Around 5,307 Hadoop clusters are exposed to the internet with their security settings off, leaving them open to attack by hackers.
That's according to GDI Foundation security researchers Victor Gevers, Niall Merrigan and Matt Bromiley who say the clusters are available online with security and safemode settings off.
“The default installation for HDFS Admin binds to the IP address 0.0.0.0 and allows any unauthenticated user to perform super user functions to a Hadoop cluster,” said the researchers in a blog post.
“These functions can be performed via a web browser, and do not prevent an attacker from destructive actions. This may include destroying data nodes, data volumes, or snapshots with TBs of data in seconds.”
As reported by SC Media UK last month, Hadoop Distributed File System installations have been attacked by hackers resulting in many systems having all data wiped from them. Attacks appeared to target traffic to port 50070.
The researchers have recently identified cases of vandalism and destruction that abuse unauthenticated databases.
“Our observations have shown attackers moving through various database types, such as MongoDB and Elasticsearch,” said the researchers. “We predict it will not be long before weaknesses in HDFS will be exploited by the same types of attackers that are launching ransom attacks and wiping data.”
They observed that while attackers demand ransoms, they do not back up data prior to wiping it. “Victims who have paid ransom prices have not received data in return, and are often left without a means to recover,” they warned.
The researchers advised Hadoop administrators to ensure security and safe mode are switched on, as well as turning off service-level authentication. They said that Kerberos authentication should be enabled and apply network filtering or let firewall rules block port 50070 to untrusted IPs.
Administrators should also add a free IAM control and network segmentation with an OpenVPN solution and implement reverse proxy, such as Knox, to aid in preventing unauthorised access and manage connectivity to Hadoop.
Alex Mathews, lead security evangelist of Positive Technologies, told SC that the main advice is that organisations shouldn't allow internet connections to systems running on Hadoop Distributed File System (HDFS).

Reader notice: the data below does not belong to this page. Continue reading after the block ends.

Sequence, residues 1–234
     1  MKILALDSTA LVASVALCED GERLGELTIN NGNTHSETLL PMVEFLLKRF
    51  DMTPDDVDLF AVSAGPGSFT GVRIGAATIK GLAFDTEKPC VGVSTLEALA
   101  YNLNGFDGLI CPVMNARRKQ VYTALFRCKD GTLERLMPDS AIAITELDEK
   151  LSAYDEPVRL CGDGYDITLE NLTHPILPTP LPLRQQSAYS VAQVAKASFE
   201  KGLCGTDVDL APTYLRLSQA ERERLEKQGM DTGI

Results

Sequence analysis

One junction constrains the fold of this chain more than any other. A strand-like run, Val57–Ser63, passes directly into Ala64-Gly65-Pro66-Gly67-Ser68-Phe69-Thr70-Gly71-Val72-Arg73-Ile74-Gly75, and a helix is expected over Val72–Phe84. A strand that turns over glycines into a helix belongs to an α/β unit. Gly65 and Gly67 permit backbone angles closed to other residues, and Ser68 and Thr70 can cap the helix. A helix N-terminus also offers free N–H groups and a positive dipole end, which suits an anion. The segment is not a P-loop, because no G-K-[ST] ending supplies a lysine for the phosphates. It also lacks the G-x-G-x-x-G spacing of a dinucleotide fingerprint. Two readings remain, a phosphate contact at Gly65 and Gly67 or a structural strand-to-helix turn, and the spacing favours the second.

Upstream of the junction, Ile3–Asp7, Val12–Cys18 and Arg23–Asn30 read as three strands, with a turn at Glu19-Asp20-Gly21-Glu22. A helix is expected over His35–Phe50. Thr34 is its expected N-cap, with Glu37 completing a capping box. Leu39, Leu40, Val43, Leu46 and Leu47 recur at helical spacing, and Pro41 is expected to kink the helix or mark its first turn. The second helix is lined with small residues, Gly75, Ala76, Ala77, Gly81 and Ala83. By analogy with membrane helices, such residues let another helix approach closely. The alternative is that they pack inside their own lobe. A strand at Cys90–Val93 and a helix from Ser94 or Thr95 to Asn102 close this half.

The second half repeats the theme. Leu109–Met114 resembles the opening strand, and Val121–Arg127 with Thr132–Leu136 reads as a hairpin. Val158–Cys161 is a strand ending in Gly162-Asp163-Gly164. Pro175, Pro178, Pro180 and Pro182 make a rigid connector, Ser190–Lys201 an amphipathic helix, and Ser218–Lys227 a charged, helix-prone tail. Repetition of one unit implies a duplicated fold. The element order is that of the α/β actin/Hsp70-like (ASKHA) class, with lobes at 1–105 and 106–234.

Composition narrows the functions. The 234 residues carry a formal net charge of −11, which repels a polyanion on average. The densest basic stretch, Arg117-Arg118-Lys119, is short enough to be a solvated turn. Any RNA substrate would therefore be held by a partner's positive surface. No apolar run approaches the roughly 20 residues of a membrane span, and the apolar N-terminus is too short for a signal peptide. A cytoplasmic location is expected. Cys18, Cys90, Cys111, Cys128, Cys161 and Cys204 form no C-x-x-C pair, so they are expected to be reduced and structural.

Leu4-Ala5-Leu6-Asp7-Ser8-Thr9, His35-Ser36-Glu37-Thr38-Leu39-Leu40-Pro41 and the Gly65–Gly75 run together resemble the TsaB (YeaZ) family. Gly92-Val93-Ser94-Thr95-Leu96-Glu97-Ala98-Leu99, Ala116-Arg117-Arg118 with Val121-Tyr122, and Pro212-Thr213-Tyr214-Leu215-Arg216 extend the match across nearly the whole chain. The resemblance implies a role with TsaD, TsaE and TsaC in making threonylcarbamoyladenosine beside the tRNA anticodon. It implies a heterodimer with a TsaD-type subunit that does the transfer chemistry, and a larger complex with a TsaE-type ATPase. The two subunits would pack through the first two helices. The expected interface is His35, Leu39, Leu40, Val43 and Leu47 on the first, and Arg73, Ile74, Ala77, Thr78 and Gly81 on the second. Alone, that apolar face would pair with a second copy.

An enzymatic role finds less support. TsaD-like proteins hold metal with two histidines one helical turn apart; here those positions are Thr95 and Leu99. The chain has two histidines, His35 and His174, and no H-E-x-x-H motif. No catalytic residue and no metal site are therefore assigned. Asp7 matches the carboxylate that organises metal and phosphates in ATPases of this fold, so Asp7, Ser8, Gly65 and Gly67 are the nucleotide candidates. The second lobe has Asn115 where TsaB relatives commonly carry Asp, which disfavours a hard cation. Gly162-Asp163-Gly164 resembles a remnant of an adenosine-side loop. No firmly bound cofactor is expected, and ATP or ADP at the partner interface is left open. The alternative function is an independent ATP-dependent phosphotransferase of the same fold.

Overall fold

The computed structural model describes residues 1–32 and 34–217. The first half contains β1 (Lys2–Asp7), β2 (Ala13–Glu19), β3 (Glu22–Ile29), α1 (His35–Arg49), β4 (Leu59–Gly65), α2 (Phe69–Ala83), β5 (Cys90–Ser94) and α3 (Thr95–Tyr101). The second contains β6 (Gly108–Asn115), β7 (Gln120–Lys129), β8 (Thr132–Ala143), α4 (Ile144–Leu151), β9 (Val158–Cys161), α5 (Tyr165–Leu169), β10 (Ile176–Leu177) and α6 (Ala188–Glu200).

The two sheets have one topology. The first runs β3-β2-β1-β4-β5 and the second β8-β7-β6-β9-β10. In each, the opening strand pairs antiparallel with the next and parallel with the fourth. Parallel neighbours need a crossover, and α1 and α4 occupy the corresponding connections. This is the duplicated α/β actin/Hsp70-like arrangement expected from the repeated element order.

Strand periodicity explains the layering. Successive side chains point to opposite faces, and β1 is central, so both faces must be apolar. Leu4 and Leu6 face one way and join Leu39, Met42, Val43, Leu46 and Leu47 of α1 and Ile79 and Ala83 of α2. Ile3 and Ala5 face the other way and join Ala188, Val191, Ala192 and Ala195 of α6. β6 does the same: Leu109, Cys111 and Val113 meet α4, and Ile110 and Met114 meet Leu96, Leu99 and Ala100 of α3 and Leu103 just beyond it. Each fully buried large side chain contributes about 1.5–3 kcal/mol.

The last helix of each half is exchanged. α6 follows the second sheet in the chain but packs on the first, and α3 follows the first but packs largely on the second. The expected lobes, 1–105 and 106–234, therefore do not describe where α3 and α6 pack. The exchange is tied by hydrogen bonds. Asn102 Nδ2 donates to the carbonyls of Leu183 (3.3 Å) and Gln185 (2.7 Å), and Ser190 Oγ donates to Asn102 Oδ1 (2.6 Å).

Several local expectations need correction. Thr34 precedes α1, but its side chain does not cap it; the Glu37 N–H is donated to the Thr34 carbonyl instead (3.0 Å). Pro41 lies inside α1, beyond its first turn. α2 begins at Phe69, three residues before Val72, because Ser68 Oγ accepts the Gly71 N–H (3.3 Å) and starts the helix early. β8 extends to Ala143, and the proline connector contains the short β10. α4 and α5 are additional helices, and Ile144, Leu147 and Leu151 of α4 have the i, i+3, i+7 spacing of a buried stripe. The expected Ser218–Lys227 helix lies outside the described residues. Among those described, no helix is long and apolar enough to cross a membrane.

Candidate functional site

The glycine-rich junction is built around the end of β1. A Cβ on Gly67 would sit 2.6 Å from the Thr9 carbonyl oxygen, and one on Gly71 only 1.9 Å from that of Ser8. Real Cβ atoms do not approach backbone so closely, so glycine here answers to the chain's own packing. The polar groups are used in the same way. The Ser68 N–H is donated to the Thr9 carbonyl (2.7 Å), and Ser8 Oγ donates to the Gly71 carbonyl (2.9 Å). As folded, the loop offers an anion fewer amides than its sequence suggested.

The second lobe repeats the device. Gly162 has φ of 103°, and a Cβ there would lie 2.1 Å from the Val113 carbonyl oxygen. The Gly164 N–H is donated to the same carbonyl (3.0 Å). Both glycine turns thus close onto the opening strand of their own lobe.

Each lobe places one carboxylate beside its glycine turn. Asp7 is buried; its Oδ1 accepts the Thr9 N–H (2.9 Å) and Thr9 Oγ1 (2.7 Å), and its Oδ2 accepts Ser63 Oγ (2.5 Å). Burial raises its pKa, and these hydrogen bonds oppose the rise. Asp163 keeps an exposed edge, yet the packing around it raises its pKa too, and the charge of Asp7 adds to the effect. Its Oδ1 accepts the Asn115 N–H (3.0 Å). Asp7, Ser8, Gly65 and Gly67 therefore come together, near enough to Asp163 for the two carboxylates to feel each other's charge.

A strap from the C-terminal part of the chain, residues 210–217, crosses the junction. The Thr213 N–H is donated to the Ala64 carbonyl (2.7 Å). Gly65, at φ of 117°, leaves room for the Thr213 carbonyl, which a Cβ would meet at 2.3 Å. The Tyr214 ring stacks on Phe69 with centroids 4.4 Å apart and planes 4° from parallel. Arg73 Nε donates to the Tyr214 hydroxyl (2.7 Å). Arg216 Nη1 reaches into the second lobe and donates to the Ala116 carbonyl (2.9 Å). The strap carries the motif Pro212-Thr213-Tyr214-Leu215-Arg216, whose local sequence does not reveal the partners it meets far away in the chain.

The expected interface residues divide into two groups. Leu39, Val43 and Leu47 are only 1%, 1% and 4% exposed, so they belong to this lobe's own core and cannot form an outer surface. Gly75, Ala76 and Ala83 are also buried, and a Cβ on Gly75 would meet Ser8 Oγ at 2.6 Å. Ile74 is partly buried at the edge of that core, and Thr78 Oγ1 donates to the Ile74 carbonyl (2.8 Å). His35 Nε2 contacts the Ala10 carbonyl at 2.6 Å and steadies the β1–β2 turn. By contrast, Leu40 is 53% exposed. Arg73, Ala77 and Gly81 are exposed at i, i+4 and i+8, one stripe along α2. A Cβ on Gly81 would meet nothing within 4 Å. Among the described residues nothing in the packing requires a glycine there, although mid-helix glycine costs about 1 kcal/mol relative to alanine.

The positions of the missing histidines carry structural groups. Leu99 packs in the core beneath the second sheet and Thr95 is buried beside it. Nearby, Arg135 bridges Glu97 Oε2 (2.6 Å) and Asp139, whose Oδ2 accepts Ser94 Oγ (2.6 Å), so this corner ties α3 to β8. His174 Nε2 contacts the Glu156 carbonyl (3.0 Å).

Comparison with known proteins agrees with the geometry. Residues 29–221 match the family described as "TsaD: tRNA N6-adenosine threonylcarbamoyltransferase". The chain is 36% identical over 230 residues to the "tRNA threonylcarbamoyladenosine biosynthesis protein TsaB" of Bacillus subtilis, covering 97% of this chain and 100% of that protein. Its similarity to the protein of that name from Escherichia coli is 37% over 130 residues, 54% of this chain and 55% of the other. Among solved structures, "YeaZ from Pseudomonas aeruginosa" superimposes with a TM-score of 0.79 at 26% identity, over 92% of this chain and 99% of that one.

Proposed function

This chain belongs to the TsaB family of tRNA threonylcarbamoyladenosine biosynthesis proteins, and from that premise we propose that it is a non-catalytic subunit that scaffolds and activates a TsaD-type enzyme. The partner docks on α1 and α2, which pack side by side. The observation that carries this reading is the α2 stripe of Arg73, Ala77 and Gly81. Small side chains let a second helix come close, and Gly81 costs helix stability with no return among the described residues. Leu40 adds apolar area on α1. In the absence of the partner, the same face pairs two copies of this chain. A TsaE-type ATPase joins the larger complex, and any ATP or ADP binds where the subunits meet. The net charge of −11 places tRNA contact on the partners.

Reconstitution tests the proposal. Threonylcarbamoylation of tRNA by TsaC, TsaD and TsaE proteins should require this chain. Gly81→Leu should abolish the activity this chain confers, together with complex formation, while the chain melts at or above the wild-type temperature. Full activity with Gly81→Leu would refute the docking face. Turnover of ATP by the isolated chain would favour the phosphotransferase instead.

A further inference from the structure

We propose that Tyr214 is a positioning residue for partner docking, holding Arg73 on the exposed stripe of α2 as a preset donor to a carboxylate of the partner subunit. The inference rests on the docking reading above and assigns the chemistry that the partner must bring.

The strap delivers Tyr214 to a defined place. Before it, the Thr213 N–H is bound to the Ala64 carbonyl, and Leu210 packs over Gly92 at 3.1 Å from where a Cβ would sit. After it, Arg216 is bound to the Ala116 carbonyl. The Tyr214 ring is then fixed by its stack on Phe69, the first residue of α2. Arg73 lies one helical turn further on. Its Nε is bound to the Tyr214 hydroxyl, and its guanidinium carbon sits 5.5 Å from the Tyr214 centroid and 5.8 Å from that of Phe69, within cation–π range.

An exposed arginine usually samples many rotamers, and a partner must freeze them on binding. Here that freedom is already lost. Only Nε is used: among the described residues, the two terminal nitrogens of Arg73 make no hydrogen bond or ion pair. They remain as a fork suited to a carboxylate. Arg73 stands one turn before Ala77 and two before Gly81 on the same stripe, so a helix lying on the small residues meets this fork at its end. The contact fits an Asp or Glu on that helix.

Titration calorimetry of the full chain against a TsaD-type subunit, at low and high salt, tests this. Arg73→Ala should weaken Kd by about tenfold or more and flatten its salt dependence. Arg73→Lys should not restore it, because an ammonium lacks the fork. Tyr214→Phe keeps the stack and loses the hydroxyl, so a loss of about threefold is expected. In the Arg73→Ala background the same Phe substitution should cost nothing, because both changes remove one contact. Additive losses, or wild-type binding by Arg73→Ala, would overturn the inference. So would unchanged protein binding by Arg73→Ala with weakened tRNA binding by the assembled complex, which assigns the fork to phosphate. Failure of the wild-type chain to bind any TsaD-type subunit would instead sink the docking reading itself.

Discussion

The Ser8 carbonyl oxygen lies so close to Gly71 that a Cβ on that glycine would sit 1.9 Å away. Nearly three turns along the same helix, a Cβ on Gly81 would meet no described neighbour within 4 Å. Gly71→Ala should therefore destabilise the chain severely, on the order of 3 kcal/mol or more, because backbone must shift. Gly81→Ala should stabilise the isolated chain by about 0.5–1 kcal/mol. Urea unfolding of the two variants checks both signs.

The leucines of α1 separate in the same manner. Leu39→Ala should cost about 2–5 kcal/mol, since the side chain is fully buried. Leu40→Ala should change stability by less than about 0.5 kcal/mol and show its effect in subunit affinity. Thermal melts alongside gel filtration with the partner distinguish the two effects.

“This is because its interface allows unauthenticated access by default. If you do need to allow this type of connection, it's advised to first implement built-in authentication mechanisms,” he said.
He added that the main issue is that ‘usually' a vendor would issue security warnings and advice detailing any product vulnerabilities. However, in the case of Hadoop, there isn't a clearly written list of security recommendations – neither from the vendor nor from well-known security organisations.
CIS is in the process of creating such standards, and SANS last issued recommendations for Hadoop in 2013. The only way to know about current Hadoop vulnerabilities is to ‘hang out' in professional web-forums, constantly, but few have time to do that.
“There are a few things that can be done to minimise risks, such as conducting regular vulnerability analysis for the entire corporative information system, as this will identify not only database vulnerabilities but also any other attack vectors that may result in a DB breach – for example, some web server vulnerabilities can lead to unauthorised DB access. Another recommendation is to perform regular backups as ransomware is proving a popular way to monetise DB attacks,” he said.
John Farebrother, regional manager UK and Ireland at Stormshield, told SC that it is a feature of MongoDB, Elasticsearch and Hadoop, that they operate in Big Data, typically as clusters or distributed implementations.
“Communications is often over well-known and public ports, and many implementations are simply installed by wizard using defaults. Designing an implementation with security in mind from the start – implementing custom ports and strong passwords – is the simplest and most effective solution to 90 percent of the issues,” he said.